Ipswich, Massachusetts 1832

A map of Ipswich Massachusetts by Philander Anderson.

Ipswich, Massachusetts. 1832

Notice that the current Washington Street is called Gravel Street, which follows the path of the current Liberty Street to Lord Square. The current Mineral Street is called Back Street here. Gravel Street takes its name from the two open gravel pits depicted on the map, one at the corner of Back Street and the other at the turn of what is now Liberty Street.

Closeup of the Ipswich Village inset

A KMZ file viewable in Google Earth is of the village inset map is available here.

Village inset map manipulated in Google Earth

This map can also be seen directly in Google Maps using a normal browser here.

» Posted: Wednesday, February 17, 2010 | Permanent Link

A Short History of the Word “The” (Part 2)

This continues some earlier notes I had made on the etymology of the word “the”.

Old English is the earliest attested progenitor of modern English, so any earlier etymologies can only be done by comparing other related languages and reconstructing forms through the application of morphology rules. English is a Germanic language related to German, Dutch, Norse and Icelandic. The common ancestor of these languages is known as Proto-Germanic (PGmc)

Ringe (2006) has given the paradigm shown below. Notice that it has the same s- in the masculine and feminine nominative singular, and þ- for all other forms, as in Old English.

Demonstrative Pronoun, “that”; Proto-Germanic:
Masculine Feminine Neuter
Nominative sa þat
Accusative þanǭ þǭ þat
Dative þammai þaizōi (?) þammai
Genitive þas þaizōz þas
Instrumental þana (?) þaizō þana (?)
Nominative þai þōz þō
Accusative þanz þōz þō
Dative þaimaz
Genitive þaizǭ
Instrumental þaimiz

Things become more speculative reaching back to Proto-Indo-European. While there is general agreement that the stem of the demonstrative pronoun is so/to, the full inflection is more uncertain. The system given most often is that proposed by Beekes (1995). His is based on the theory put forward by Lane (1961). Given the many forms of the demonstratives among daughter languages, an inflection system based on the standard method of comparison would produce an unrealistic number of stems. Lane identified a fundamental mechanism within PIE of binding a number of standard particles to a basic stem. The most familiar example of this general PIE mechanism is the development of the word “this”: The OED gives the etymology as a Norse and West Germanic formation, produced by adding se, si (from Gothic, sai ‘see, behold’) to the simple demonstrative represented by “that”, as shown by the early Old Norse runic forms, sá-si, sú-si, þat-si. Later the compound was felt as a single word and inflected at the end.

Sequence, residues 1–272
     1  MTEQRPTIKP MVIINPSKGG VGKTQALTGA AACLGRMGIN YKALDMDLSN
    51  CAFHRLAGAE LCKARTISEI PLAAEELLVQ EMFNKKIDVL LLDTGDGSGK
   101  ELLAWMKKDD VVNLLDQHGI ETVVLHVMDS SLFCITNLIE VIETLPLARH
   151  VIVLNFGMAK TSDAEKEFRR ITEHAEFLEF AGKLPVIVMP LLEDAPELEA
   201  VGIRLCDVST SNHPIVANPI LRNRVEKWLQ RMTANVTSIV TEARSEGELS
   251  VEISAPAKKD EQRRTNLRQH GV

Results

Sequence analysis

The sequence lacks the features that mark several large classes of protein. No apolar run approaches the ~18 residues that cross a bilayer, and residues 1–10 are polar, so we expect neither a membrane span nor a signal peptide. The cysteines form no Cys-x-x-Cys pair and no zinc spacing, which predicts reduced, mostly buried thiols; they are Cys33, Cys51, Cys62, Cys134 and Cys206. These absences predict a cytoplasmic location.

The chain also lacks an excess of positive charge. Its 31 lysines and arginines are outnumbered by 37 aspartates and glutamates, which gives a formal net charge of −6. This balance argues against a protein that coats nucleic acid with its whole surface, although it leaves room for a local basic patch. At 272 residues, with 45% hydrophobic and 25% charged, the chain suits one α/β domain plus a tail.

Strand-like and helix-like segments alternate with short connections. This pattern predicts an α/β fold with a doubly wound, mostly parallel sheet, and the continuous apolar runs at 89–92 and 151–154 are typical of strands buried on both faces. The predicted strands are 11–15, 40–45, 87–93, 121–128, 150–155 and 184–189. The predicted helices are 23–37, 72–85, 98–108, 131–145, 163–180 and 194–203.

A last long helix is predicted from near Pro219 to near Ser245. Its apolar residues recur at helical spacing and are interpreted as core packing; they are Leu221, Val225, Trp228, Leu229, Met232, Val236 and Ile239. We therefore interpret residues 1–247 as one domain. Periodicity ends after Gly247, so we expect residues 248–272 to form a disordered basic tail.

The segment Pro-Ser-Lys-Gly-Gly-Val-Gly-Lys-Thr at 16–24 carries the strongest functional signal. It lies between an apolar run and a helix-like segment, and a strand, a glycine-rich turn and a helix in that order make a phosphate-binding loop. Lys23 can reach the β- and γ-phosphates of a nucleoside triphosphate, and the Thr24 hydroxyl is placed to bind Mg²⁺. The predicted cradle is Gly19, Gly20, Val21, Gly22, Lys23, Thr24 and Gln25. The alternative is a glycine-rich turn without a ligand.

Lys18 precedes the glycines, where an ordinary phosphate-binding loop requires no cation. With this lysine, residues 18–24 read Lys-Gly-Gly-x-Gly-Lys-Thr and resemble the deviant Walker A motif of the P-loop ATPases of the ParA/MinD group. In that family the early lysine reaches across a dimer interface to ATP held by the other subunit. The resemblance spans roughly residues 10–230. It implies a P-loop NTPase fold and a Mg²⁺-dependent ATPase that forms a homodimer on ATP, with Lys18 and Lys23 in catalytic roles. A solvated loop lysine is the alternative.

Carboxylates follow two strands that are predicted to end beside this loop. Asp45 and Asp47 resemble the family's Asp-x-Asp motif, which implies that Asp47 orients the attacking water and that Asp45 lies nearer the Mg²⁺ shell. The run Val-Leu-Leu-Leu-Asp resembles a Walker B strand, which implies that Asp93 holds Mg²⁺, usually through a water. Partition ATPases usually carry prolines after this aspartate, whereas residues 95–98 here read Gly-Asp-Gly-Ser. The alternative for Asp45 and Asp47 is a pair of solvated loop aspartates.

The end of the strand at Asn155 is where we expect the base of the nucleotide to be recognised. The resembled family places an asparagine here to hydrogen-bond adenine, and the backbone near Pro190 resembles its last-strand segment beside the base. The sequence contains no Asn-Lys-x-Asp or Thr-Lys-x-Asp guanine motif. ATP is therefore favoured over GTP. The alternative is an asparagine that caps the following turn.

Beekes applied a similar approach, though with a different set of particles and updated with the application of laryngeal theory.

Notice though that while PIE has a larger inflection system, like PGmc, it has the same s- in the male and female nominative and t- for the neuter and all other oblique forms.

Demonstrative Pronoun, “this, that”; Proto-Indo-European:
Masculine Feminine Neuter
Nominative so seh2 tod
Accusative tom teh2m tod
Dative tosmoi tesieh2ei
Genitive(to)sio (t)eseh2s
Ablative tosmod
Locative tosmi tesieh2i
Instrumental toi (?) toi (?)
Nominative toi seh2i (??) teh2
Accusative tons teh2ns teh2
Dative toimus teh2mus?
Genitive tesom (?) tesom (?)
Ablative toios (?)
Locative toisu teh2su (?)
Instrumental toibʰi teh2bʰi (?)

Attempts have been made to find relationships between PIE and other language families. Greenberg (2002) has proposed “Eurasiatic” that groups PIE with languages as diverse as Korean, Japanese and Eskimo-Aleut.

Interestingly there is similarity between the PIE demonstrative root and the constructed ancestors of other members of this proposed group. E.g.:

Demonstrative Pronoun stems, “this,that”; Yukaghir-Uralic vs. PIE:
Yukaghir Uralic Indo-European
tiŋ (Tundra),
tuŋ (Kolyma) ‘this’;
taŋ ‘that’
* ‘this’ (eg. Finnish tä-mä);
*to ‘that’ (eg. Estonian too)
*to- ‘this, that’

Greenberg gives a general demonstrative stem of *tV, that is, “t” followed by some vowel.

Demonstrative Pronoun stem, Eurasiatic:

Once etymologies get this deep, the standard linguistic tools begin to break down. The best that could probably be done would be to perform mathematical analysis which assigns a level of correlation and generates possible forms.

If this reconstructed stem is accurate, that “t” at the beginning of our word “the” goes back nearly 15,000 years.


[1] Ringe, Donald A., From Proto-Indo-European to Proto-Germanic. 2006, p. 288-289.
[2] Mallory J. P.; Adams, Douglas Q., The Oxford Introduction to Proto-Indo-European and the Proto-Indo-European World. 2006, p. 417-418.
[3] Lehmann, Winfred P., Theoretical Bases of Indo-European Linguistics. 1996, p. 158-159.
[4] Beekes, Robert S. P., Comparative Indo-European Linguistics. 1995, p. 201-204.
[5] Lane, George S., On the Formation of the Indo-European Demonstrative. Language, Vol. 37, No. 4 (Oct. - Dec., 1961), pp. 469-475.
[6] Greenberg, Joseph H., Indo-European and its Closest Relatives: The Eurasiatic Language Family, Vol 1. 2000, p. 94-101.

» Posted: Friday, February 12, 2010 | Comments (3) | Permanent Link